2. Kenyatta on September 8, 2014 at 12:33 pm

    Listen, I don’t think he was being racist. But leave it to the author and other folks to try and stir up some mess.

    This was about business and ticket sales and he was seeking strategies to increase revenue. Unlike DC, there weren’t enough middle class black folks to buy season tickets. No one was buying or wearing team gear and folks got more excited about getting free t-shirts than supporting the team. It was racist, they were facts. He wanted to more diversity in the mix. If the tables were turned, you would understand, so let’s not take this out of context like the media is already doing.

    At the end of the day, if the fans were blue and “spending money”, he would have done a happy tap dance for them. Stay focused on the things that matter. This is not one of them.

    • Likewaterforchoc on September 8, 2014 at 12:58 pm

      There a lot of instances where it is not about race and some try to make it that way. This is not one of those instances.
      If you single out an entire race of people and their culture for your business failures, yes, you are a racist. This is not about business, it is about passing the buck. People generally don’t go to Hawks games because the team sucks. They don’t even have a viable sports rivalry (i.e. Falcons vs. Saints, Celtics vs. Lakers). The failures lie in failing to realize marketing opportunities and not choosing the right players/coaches to build a winning team. If you build it they will come.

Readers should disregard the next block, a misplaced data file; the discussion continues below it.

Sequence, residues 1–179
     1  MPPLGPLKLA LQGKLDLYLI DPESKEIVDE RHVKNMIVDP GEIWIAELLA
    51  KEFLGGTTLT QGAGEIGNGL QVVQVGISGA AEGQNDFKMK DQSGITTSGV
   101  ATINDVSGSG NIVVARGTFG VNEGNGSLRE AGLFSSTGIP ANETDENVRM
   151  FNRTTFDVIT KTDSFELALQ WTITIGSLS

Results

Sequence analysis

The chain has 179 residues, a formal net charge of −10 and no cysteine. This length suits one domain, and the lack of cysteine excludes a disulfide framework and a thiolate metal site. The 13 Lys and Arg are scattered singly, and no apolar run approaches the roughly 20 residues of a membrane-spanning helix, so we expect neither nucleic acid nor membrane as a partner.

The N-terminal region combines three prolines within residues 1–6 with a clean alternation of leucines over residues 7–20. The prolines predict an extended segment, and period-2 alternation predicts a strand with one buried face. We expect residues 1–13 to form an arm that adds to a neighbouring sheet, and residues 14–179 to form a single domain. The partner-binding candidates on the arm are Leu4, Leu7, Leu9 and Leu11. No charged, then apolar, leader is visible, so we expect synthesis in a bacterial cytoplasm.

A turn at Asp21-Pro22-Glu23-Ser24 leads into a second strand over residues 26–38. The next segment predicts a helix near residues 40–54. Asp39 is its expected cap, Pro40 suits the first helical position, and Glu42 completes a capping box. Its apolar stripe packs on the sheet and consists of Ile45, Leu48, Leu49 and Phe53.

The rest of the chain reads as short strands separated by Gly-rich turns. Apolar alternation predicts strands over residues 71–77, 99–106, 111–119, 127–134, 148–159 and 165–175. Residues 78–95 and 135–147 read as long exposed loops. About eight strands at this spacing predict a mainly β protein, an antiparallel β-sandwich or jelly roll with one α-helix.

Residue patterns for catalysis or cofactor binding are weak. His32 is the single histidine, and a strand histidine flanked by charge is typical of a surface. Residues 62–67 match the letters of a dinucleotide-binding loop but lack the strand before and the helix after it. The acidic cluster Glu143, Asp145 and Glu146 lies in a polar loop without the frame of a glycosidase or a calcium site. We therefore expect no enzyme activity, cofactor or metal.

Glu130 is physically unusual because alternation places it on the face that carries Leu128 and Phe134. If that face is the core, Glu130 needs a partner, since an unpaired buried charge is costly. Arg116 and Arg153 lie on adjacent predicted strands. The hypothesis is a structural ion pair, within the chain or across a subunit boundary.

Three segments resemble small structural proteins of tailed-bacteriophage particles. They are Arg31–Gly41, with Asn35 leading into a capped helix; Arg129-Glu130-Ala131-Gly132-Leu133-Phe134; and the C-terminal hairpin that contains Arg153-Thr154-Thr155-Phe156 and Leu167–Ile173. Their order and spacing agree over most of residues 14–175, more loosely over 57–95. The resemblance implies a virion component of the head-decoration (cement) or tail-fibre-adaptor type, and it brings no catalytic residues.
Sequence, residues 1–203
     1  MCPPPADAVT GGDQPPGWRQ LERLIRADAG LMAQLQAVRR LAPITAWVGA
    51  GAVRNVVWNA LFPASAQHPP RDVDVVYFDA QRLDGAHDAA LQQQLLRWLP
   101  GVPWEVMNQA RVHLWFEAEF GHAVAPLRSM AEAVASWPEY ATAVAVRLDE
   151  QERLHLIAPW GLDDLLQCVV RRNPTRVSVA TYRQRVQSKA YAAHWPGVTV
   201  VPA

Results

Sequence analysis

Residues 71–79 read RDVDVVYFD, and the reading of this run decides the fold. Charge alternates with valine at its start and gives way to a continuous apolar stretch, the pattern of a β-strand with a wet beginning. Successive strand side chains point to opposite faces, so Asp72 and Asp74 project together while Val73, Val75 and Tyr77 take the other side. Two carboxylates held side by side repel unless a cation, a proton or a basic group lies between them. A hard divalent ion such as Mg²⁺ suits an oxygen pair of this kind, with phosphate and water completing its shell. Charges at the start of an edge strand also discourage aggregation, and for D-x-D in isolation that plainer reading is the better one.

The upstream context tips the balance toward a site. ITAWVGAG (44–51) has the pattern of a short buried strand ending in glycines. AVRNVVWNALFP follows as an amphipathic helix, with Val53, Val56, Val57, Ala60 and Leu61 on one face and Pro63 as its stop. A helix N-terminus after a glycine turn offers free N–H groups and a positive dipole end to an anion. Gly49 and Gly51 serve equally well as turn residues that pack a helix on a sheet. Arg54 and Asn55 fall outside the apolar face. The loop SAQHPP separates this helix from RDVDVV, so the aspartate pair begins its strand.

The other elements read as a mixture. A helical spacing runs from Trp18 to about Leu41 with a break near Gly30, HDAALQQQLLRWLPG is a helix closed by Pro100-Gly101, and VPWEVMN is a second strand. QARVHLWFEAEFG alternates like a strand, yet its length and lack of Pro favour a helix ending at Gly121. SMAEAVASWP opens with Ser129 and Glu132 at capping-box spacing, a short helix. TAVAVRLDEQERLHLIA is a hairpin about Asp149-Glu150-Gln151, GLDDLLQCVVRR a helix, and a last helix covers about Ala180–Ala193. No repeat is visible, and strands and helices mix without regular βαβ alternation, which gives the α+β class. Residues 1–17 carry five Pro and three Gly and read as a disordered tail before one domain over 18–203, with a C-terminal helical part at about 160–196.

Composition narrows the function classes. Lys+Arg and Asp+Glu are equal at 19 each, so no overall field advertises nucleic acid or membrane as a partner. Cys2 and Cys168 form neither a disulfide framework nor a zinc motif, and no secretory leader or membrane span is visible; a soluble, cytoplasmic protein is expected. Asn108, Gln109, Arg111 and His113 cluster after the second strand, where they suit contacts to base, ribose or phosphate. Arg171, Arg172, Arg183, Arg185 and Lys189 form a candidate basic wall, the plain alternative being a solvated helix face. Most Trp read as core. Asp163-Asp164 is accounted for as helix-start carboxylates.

3. Crymeariver! on September 8, 2014 at 6:32 pm

    Hey, here’s a thought…instead of him blaming loyal black fans who actually attend the games, try winning some games, maybe ppl will come…black, red and blue alike. We shouldn’t even be surprised by his comments, because sadly this is how many of them think. Hello, this is Atlanta, who did he think the majority crowd would be? Within the email he was comparing the Hawks’ crowd demographic to other cities, which is completely irrelevant if it’s somewhere like Salt Lake City, Utah he’s comparing Atlanta to, for example. Glad he’s going. The Hawks need someone who’s invested in bettering the brand and the team, not finding a group of ppl to blame for his shortcomings. Just wish he wasn’t making any money off of this, but a sour taste in the fans’ mouths is a start.

  4. 5aiah on September 8, 2014 at 7:51 pm

    I think both sides are right. He’s too willing to pass the blame onto the population and culture but he’s not really being racist. He has a point economics wise because atlanta is a smaller market and there is likely a smaller middle class. Also it’s not like the North where there is less racial tension, Atlanta is in the south where whites are more likely to be racist and disapprove of black cheerleaders and hip hop music being the norm. He’s on point but people are taking what he’s saying out of context. Atlanta is too small for the Atlanta Hawks so this guy is saying make them appeal to Georgia as a whole. To be honest I don’t understand how this situation isn’t being used to promote racial harmony and understanding, its a missed opportunity.

  5. atlmom5 on September 9, 2014 at 6:13 pm

    This whole thing is being taken out of context, I wish people will start getting all of the facts first before writing nonsense. If this article spoke about Danny Ferry’s comments then I could probably agree, but what this man did in my opinion wasn’t racist, it was a business man trying to understand why a certain demographic wasn’t attending the games. Stop making everything about race when it isn’t people.